This is an extract of an article published on January 13th 2013. It can be read in full on the Daily Mail website here.
The Obama administration has voiced its concern about Britain’s future in Europe. Some prominent business leaders are getting nervous that political posturing could result in the UK sleepwalking out of the European Union. Prime Minister David Cameron is under pressure from his right wing and the rising UKIP vote to renegotiate the treaty and hold a referendum on EU membership.
The key question in this increasingly heated debate is whether the UK could become a Switzerland or Norway with a trading agreement with the Union.
During the past two decades Britain has looked mainly west towards America for political and economic inspiration rather than east towards Europe. As the headlong rush into globalisation emasculated the unions and kept real wages low, demand had to be stimulated in new ways.
Under the last Labour government, Gordon Brown and Ed Balls took their guidance from Federal Reserve supremo Alan Greenspan and Wall Street.
Following the US example, wage increases were replaced by increased limits on credit cards and rising mortgages on the back of the asset bubble.
When Margaret Thatcher came to office in 1979, private household debt stood at around £60billion. When Labour got into office in 1997 it had risen to £750billion and when the Coalition took over, it had reached £1.45trillion.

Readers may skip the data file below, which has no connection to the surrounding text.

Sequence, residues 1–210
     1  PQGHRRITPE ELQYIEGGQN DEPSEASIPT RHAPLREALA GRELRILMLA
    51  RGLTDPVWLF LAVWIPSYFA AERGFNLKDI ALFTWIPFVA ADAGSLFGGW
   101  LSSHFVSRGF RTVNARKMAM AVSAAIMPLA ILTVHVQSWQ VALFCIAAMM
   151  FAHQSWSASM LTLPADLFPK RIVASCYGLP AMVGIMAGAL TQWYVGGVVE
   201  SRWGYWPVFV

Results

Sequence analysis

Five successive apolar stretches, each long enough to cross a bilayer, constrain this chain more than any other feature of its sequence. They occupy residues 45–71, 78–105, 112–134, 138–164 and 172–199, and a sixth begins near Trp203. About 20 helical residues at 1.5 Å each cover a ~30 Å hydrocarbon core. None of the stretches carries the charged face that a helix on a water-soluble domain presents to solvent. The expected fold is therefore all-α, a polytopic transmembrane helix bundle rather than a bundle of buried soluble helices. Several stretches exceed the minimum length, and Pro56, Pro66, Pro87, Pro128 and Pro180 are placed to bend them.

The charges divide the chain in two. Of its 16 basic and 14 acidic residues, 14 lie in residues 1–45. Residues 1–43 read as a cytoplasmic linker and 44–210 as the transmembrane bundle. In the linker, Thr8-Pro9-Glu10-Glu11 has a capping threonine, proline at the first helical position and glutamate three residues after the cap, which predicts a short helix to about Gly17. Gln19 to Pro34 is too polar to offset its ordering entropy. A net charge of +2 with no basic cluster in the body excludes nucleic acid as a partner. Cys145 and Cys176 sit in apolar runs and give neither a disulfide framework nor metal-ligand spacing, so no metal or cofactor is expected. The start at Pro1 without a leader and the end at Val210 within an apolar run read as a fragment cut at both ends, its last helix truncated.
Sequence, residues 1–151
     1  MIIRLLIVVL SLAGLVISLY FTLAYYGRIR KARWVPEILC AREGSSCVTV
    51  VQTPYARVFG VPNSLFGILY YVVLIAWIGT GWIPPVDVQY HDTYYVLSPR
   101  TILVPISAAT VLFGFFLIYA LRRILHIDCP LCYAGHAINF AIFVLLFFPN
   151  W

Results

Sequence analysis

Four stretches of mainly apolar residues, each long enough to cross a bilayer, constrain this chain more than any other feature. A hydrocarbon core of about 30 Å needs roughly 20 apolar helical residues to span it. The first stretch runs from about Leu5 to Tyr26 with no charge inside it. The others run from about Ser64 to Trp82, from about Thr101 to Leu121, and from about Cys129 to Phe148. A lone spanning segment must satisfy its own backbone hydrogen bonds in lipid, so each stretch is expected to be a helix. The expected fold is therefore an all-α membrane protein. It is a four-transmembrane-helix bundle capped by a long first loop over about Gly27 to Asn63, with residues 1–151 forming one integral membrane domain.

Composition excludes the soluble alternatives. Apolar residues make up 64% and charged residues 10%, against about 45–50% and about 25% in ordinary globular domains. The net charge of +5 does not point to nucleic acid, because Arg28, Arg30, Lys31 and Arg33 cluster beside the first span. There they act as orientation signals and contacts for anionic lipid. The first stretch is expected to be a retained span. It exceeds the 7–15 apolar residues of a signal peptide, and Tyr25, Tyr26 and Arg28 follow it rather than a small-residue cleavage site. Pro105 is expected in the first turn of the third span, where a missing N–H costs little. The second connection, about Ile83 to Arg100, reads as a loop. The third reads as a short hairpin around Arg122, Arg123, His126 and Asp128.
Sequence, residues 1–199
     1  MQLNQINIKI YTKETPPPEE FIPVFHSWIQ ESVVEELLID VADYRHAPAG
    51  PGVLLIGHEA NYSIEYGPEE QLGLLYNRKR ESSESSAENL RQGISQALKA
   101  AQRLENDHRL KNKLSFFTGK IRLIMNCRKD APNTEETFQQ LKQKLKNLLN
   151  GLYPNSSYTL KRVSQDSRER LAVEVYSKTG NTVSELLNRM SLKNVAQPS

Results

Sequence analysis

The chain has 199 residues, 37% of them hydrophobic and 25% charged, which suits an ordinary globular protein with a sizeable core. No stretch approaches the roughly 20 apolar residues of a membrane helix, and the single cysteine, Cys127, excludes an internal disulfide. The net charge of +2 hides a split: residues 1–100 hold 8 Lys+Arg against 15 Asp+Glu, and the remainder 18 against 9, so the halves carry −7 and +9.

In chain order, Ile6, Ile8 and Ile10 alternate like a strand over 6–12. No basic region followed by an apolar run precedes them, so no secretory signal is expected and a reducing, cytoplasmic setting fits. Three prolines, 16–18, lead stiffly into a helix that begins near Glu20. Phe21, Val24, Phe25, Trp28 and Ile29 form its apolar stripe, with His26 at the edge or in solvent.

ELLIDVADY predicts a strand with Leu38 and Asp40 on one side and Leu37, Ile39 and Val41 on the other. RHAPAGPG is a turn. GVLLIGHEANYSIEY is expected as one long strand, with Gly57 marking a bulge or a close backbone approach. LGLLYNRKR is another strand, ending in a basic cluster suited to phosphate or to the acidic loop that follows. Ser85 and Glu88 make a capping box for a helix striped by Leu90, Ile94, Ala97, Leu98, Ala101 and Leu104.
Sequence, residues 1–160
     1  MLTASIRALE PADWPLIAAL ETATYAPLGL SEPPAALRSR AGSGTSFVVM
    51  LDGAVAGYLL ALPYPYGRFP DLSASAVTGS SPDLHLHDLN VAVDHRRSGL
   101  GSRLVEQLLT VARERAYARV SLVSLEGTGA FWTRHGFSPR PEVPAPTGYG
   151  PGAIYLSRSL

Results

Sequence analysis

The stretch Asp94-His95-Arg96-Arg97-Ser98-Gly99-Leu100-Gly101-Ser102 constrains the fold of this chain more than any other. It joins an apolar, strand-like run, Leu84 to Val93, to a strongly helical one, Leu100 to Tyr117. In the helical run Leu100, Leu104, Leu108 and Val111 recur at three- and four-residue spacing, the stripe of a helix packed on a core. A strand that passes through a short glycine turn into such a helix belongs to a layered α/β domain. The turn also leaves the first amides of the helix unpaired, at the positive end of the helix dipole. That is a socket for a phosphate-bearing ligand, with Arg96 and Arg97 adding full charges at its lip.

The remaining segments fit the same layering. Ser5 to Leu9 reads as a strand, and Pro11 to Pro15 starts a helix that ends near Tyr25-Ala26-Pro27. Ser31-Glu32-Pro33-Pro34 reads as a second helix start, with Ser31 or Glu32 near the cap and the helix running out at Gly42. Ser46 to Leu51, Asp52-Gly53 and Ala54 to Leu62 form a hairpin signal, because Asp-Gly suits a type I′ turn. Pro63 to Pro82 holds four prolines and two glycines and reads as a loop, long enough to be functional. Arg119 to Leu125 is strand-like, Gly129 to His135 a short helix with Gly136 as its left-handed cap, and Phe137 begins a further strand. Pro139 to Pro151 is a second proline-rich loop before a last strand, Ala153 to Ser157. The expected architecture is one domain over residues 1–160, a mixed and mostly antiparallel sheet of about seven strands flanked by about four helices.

Instead of government debt being reduced during the boom years, the opposite happened, with the rescue of the banking sector completing the disaster.
Taking the lead from the US in economic strategy has been an unmitigated disaster not only for Britain, but left other countries such as Ireland, Spain, Portugal and Greece. It even influenced such countries as Switzerland, France and Germany, as their banks were trying to become global players, pay their managers Wall Street salaries and adopt the casino culture.
Fortunately, in the northern European countries the excesses were not quite as pronounced, but they now have the unenviable task of bailing out their profligate southern neighbours. Following the US lead during the past decade has not been a great success and no wonder open-minded people all over Europe are looking for alternatives.
A lot of my German business colleagues regret, as I do, that Germany and Britain did not get together as leaders of Europe, as Helmut Schmidt and other German chancellors had hoped.
Britain is approaching the crossroads and my hope is that leaders will look at the alternatives carefully and not be influenced by political expediency.